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Our Goal

AbleTalks began with a simple dream …

TO EXTEND THE EDUCATIONAL EXPERIENCES OF YOUNG ADULTS WITH AUTISM AND OTHER DISABILITIES SO THAT THEY CAN BECOME THE EXPERTS OF THEIR OWN LIVES

At AbleTalks, we believe that young adults with autism and other disabilities have the demonstrated desire and right to lead independently crafted and fulfilling careers. The drop-off point and subsequent state of disconnection faced are not only unnecessary but also easily avoidable.

That’s where we step in. We have our sights on expanding our AbleTalks model well beyond our Arkansas headquarters.

What We Do

Students

The AbleTalks program is tailored to young adults with autism and other disabilities. We aim to maximize independence for our students during this time of transition.

Social Benefits

Participating in the AbleTalks program provides our students with individualized support, intellectual freedom, and opportunities to interact with peers.

Family Impact

We work to connect with local families searching for the best next step for their self-motivated student who may need help making personal and career choices during times of transition.

Three-Tiered Program

Each Able student’s career goal is as unique as they are. Because of learning differences and capabilities, the path to a fulfilling career will often involve an alternative track. But thinking outside the box is comfortable for an Able student. We focus on possibilities. The Able team begins at the goal and works its way backwards, breaking down expected steps into achievable objectives.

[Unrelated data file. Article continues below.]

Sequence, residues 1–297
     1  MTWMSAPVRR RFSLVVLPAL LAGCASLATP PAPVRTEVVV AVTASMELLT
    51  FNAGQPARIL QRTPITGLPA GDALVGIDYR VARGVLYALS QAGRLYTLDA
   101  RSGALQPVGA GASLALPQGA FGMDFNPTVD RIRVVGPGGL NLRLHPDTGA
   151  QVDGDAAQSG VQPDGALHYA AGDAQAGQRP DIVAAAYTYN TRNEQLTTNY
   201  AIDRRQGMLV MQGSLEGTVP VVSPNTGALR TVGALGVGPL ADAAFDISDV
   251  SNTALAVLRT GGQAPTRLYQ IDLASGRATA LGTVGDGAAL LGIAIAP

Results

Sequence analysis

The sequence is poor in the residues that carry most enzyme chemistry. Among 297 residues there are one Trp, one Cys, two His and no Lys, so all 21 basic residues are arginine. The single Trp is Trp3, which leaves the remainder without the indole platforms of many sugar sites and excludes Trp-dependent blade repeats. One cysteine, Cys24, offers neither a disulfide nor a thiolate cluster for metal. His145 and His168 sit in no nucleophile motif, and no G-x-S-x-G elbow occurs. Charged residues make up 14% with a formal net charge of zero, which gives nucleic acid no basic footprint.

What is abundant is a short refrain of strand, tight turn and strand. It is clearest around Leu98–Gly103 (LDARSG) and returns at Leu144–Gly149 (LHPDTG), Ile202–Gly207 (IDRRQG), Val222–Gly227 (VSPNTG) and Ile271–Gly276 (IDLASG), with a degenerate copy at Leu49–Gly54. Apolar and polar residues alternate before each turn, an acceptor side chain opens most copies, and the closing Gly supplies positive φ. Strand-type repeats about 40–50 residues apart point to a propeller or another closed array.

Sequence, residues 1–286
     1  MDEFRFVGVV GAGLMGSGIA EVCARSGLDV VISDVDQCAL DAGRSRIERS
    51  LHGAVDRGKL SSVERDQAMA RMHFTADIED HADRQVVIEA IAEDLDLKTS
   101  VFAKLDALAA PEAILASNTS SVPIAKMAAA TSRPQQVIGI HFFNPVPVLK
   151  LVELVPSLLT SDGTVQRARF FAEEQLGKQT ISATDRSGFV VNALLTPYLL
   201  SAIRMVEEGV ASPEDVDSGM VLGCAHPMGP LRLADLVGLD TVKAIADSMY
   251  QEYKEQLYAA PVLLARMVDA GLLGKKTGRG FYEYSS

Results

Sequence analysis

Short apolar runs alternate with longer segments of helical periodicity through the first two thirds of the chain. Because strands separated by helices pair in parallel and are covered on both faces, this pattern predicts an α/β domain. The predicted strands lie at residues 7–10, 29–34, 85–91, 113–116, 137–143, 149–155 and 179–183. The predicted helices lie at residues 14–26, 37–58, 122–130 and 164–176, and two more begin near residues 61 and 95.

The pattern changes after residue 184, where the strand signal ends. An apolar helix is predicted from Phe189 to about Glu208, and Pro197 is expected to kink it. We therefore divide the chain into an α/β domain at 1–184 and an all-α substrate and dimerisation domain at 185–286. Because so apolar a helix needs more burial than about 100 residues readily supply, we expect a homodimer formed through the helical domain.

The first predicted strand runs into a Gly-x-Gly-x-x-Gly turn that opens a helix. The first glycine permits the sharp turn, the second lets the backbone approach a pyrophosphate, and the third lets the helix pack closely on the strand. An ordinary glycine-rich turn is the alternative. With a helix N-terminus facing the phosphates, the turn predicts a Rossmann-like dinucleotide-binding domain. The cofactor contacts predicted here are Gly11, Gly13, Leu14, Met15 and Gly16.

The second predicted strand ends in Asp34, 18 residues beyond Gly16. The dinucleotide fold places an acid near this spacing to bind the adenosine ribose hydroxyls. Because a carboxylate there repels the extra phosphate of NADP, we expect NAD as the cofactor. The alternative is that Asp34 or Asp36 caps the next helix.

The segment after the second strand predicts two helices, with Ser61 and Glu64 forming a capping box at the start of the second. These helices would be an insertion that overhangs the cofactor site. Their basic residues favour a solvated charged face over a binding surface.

• Independent Study
  • Group Discussion & Goal-Setting
  • Work/Life Measurement

Our Story

In 2015, Nancy Wells founded AbleTalks with the goal of establishing independent continued education for young adults with autism and other disabilities. Based in Fayetteville and currently servicing the Northwest Arkansas region, the pilot program of AbleTalks launched in June 2015.

At its core, the AbleTalks program is inspired by the day-to-day experiences, obstacles, and triumphs of the young adults in Nancy’s life, including her daughter Molly who is currently in the process of the very life transition that AbleTalks aims to support.

Here’s her story on the dinner conversation that started it all:

“It was a passionate discussion of how people with autism are sold short on their abilities and aspirations. They had goals that were more than mere employment. Though they recognized there were barriers, they desired careers that punctuate their talents and interests. And we believe that they, too, are entitled to such dreams.”